Terse Scala notes

(periodically revisited and updated, most recently Sept 2017)

Notes from the 2014 ScalaTutorial.pdf, http://www.scala-lang.org/docu/files/ScalaTutorial.pdf

Also from 2014 Scala by example, http://www.scala-lang.org/docu/files/ScalaByExample.pdf

Nothing below is my own work, apart from the extraction of the details, and an attempt to create a set of terse notes to jog my memory and provide a reference page on basic Scala.

REPL
Read-Evaluate-Print-Loop, use :paste to enter multi line

Syntactic Sugar
Anytime in Scala they thought of short cuts to syntax to make the code smaller they call it syntactic suger.

No static keyword
object keyword to declare singleton objects holding fields and methods with only a single instance. Objects are created the first time one of its members is accessed - lazy evaluation. Compiler and run
scalac to compile, and scala -classpath to execute.</br>

javap -c -private ClassNameWithoutDotClass  // lets you see byte code of a class file
scalac -print  // gives you some idea of what its going to do during compiling

* is a valid scala identifier (eg method name)

import java.text.DateFormat._

No condition expression … ? … : …
You can use the Scala if .. else … to choose between two expressions

def abs(x: Double) = if (x >= 0) x else x

I found if I am building up big debug strings etc I now just use multiline strings with embedded expressions

def showDetailsForSomeReason = {
   s"""
      |${if (malazanVal.isDefined) "Caladan Brood" else "Anomanda Rake"}
      |Some fancy words about the Empress
    """.stripMargin
}

No semi-colon required at line end
You can use the semi-colon at the end of a line, but you do not have to, a semi-colon is inserted implicitely unless one the following applies: You cannot end a line with a period or an infix-operator. Also, the next line cannot start with a word which cannot start an expression. Finally if we are inside parenthesis (..) or brackets that cannot contain multiple statements.

Identifiers
Start with a letter or _ and followed by letters nad or symbols or .
OR can start with an operator or _ and be followed by 0 or more operators and _
eg x, Room10a, +, –, fold1
:, +_vector
so, x+-y is parsed as x, +-, y

Reserved words

abstract, case, catch, class, def, do, else, extends, false, final,
finally, for, if, implicit, import, match, new, null, object, override,
package, private, protected, requires, return, sealed, super, this, throw, trait,
try, true, type, val, var, while, with, yield,
_, :, =, =>, <-, <:, <%, >:, #, @

while and do while
These are in the language for convenience. Being imperative constructs they could have been left out and implemented using functions.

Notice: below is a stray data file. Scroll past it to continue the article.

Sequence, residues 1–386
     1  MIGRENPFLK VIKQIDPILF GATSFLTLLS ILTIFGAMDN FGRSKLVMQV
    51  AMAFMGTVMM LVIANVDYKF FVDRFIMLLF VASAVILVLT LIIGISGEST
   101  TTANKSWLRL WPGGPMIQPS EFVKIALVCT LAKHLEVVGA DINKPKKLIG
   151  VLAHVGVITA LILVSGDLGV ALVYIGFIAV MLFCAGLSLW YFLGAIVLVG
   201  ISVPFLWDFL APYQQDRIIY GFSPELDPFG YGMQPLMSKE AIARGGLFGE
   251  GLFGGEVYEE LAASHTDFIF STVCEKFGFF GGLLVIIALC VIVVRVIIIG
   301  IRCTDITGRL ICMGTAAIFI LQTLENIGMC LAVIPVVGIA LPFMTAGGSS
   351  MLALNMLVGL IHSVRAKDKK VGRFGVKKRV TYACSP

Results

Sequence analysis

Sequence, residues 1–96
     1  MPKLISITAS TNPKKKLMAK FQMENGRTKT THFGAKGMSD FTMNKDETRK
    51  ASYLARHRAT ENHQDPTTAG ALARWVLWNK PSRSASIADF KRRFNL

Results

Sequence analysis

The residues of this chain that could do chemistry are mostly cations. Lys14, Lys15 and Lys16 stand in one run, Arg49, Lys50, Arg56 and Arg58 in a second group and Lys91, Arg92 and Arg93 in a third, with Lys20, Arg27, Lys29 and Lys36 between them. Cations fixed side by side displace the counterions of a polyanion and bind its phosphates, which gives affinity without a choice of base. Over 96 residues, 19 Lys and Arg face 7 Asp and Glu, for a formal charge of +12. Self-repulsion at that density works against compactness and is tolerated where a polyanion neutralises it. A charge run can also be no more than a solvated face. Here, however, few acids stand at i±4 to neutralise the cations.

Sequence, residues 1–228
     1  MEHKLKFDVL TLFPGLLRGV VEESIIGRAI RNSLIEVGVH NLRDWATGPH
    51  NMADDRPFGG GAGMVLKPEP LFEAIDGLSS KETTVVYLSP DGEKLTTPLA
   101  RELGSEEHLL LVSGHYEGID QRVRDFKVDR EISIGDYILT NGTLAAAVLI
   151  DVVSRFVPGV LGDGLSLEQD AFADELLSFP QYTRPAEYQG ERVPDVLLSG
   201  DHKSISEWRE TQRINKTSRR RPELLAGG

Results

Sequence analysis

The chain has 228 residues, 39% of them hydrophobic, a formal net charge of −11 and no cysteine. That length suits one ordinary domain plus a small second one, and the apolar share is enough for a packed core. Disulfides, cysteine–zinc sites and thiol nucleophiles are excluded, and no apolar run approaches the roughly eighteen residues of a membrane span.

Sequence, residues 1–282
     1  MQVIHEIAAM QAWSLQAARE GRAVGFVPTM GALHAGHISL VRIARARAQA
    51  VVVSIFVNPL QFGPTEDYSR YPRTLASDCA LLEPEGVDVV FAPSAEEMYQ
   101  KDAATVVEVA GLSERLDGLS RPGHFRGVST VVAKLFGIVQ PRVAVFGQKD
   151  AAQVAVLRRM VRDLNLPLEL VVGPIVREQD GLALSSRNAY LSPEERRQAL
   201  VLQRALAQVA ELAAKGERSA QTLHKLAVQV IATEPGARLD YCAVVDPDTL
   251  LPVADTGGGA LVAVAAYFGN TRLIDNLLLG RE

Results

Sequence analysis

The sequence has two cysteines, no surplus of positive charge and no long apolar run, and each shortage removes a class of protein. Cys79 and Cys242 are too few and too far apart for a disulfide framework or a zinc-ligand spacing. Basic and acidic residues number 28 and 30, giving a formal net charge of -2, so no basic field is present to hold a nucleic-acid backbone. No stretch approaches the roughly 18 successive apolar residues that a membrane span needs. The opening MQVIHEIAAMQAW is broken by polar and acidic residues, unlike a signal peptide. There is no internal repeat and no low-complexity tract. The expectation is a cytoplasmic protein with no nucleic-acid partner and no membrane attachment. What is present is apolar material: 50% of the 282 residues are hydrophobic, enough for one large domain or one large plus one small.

No break, continue, jump
Not in scala! No for-loops in the java sense, but there are for comprehensions.

scala.AnyRef
This is the base class of everything, and this is implicit (no need to put this in your code)

override
You can override any method in a base class, but you must use the keyword override.

class Complex(real: Double, imaginary: Double) {
  def re = real
  def im = imaginary
  override def toString() =
    "" + re + (if (im < 0) "" else "+") + im + "i"
}

Its really worth reading up on constructor args defined with or without val or var, and what override means. For instance a constructor arg without val or var if only used in the constructor will not be made into a class field. But if it is used in another function then it will be. If you have a sub-class which also defines it as a val then it has to have override - read up on it!

Function definitions
Start with def

// def foo() {} is frowned on now, use def foo():Unit = {}
def sort(xs: Array[Int]) : Unit = {...

Functions can be nested

// You can say :Unit for return type, or leave it of, just like def sort() {
def sort(xs: Array[Int]) = {
  def swap(i: Int, j: Int) {
    val t = xs(i); xs(i) = xs(j); xs(j) = t
  }
}

Notice that xs is accessible to the nested function.

Variable definitions
Start with var. ie mutable, can be reassigned.

Value definitions
Start with val. ie immutable, cannot be reassigned. Readonly variables.

Declaration of type
Is done after the symbol and a colon, and if it can be inferred by the compiler it can be missed off.

def swap(i: Int, j: Int) : Unit =

Everything is an object
No primitives, so even numbers are objects

1 + 2 * 3 / x
(1).+(((2).*(3))./(x)) // line above is actually method calls

Standard type alias
Int has a type alias for int, double is a type alias for Double. ie you can use the Java primitive types but really you are using the Scala objects because of the type aliases. Having said that, Int is usually converted to a Java primitive int and Boolean to boolean etc for efficiency, and converted back as needed.

Lexer uses longest match rule for tokens
(1).+(2) is needed, because 1.+(2) would result in lexer thinking 1. was a double value of 1.0. So instead write it as (1).+(2)

Unit is like void in C/C++

def oncePerSecond(callback: () => Unit) = {
  while (true) { callback(); Thread sleep 1000 }
}

Array types

def xs: Array[Int]

Array types are written Array[T], and array selections are writtern a(1).

Default values

private var contents: T = _

This assigns the default value to contents. The default for numeric is 0, false for Boolean, () for Unit and null for all oject types.

In Scala, every defined variable has to be initialized at the point of its definition. There are lots of horrid mind games where you define a superclass with uninitialized fields and then override them in sub-classes but assign value and lazy init are all made part of the (interview) question.

Predicate function
Simply a function which returns true or false - so you can filter on it etc.

Functions are objects